It should go without saying, but if you haven’t seen Moana, there will be spoilers ahead! With that out of the way, let’s jump right in!

The Story
            Moana is a Disney movie about a Hawaiian princess who saves her people from a destructive force unleashed by a demigod called Maui. There are several existential themes throughout the movie, but I want to focus on the stolen heart of Te Fiti as it relates to Frankl’s Logotherapy.
            Te Fiti is the god of creation and life. When Maui steals her heart, a new beast called Te Ka shows up. Te Ka, composed of magma and spewing black, acrid, smoke from its form, quickly begins destroying all the life Te Fiti had created. The poison from Te Ka, a black nothingness which destroys the essence of everything it touches, begins to spread across the land. This threatens the livelihood of Moana’s people and becomes the impetus for her journey away from safety and towards freedom.
            In the process of restoring Te Fiti’s heart, Moana and Maui discover Te Ka and Te Fiti are one in the same. Without her heart, the creative powers of Te Fiti became the consuming force of Te Ka. A force of empty nothingness which devoured life.

Existential Theme
            The tensions between creation and consumption, life and death, safety and freedom, are reflected in various ways in the movie. Maui’s internal struggle to trust others, Moana’s bind between being true to self and meeting the expectations of others, and the tribe’s willingness to reclaim their identity as explorers are all variations on this theme. This theme was also poignantly, and powerfully, encapsulated in Viktor Frankl’s Logotherapy. (More information on Logotherapy is available HERE)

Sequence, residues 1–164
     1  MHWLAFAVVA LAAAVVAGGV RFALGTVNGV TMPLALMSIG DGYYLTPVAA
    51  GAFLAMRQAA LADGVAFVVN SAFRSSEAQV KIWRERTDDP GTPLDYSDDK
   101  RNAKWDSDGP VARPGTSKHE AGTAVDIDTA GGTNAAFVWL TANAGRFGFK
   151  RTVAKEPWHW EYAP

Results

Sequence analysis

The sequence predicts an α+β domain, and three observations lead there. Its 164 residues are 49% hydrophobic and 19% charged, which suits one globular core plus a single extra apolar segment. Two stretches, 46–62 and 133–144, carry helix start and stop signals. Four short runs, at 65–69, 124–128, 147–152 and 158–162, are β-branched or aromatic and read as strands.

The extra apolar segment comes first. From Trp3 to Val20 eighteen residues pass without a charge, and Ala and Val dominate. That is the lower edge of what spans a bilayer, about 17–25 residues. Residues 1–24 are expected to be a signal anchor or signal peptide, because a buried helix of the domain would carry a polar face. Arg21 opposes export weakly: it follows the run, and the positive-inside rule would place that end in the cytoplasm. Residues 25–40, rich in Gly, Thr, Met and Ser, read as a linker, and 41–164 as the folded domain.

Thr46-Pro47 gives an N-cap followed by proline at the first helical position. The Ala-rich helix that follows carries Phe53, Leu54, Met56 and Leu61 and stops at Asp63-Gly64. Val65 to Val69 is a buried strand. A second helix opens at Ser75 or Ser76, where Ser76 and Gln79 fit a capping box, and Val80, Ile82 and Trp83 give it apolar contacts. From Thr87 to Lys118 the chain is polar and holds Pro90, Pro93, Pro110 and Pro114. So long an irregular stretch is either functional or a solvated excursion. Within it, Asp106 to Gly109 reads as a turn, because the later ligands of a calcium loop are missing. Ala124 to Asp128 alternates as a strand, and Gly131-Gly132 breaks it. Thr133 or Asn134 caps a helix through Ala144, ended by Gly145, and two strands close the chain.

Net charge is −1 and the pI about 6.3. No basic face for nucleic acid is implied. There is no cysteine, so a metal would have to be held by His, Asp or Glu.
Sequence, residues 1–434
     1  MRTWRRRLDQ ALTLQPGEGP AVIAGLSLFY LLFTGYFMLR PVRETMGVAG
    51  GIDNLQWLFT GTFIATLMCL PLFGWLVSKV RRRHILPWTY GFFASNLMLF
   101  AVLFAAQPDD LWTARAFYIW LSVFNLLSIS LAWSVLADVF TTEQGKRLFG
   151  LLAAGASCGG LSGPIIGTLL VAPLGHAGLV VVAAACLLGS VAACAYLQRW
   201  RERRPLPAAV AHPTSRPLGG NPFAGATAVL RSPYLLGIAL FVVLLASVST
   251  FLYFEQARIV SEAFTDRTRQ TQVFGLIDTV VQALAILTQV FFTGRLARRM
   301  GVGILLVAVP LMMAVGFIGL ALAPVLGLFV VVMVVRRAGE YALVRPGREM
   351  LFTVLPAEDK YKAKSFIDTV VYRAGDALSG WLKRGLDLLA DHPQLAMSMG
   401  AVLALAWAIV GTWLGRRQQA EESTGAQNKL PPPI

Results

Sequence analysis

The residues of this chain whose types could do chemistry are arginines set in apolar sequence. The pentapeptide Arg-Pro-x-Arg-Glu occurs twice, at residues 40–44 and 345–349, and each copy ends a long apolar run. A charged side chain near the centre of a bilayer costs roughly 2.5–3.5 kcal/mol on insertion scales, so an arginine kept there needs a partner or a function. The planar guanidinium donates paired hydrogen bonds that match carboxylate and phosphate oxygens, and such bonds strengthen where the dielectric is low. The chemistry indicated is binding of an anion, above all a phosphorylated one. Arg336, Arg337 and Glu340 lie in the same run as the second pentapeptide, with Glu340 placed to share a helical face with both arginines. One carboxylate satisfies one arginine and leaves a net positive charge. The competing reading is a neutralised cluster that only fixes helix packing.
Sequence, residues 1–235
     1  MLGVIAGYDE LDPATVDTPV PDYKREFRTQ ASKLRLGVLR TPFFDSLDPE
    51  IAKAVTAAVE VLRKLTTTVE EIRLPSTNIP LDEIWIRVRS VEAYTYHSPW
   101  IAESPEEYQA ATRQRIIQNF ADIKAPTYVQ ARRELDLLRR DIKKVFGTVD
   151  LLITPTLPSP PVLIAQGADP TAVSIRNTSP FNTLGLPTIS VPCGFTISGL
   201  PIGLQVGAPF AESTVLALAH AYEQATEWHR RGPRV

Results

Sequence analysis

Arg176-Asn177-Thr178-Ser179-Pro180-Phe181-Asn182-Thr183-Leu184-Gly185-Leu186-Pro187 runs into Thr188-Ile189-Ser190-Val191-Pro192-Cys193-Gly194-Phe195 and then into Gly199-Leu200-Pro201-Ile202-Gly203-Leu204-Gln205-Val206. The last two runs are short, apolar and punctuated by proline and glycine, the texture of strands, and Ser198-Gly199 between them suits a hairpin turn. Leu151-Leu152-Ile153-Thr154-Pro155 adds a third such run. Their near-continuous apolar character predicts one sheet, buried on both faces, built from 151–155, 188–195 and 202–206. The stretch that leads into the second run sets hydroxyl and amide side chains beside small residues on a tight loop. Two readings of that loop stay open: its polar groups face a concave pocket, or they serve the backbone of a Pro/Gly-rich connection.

Frankl believed that, without meaning, without the opportunity to express our true self in a way that matters, we will feel like nothing. An emptiness will begin to consume us and those around us. To fill this void, we will substitute consumption for creation. Any entertaining action momentarily relieves us from the awareness of our inability to express our true self. This leads to addiction, destruction, self-harm, and anything else. In Amusing Ourselves to Death, Neil Postman identifies how modern access to entertainment has dulled our connection to self for this very reason. Yet, like Te Fiti, without our heart (self), all our actions are ultimately destructive.

Family Film Friday
Here are some questions you may want to discuss with your family after watching Moana:
            *Why did Maui have to restore the heart? Why couldn’t Te Fiti get it herself?
            *Has it ever felt like someone took your heart? What did you do? 
            *Have we ever taken your heart on accident? (Great for feedback on parenting) 
            *Have you ever been angry, like Te Ka, and not known why? What did you do?
            *What was more difficult for Maui: Putting back the heart, or learning to trust Moana? Why?
            *When you get angry, hopefully less angry than Te Ka, what do you think we could do to help give your heart back?
(C) Nathan D. Croy, 2017

*This is the first in a series of posts for Family Film Friday. The goal of these posts is to provide families an opportunity to discuss meaningful existential themes in movies which are accessible to people of all ages.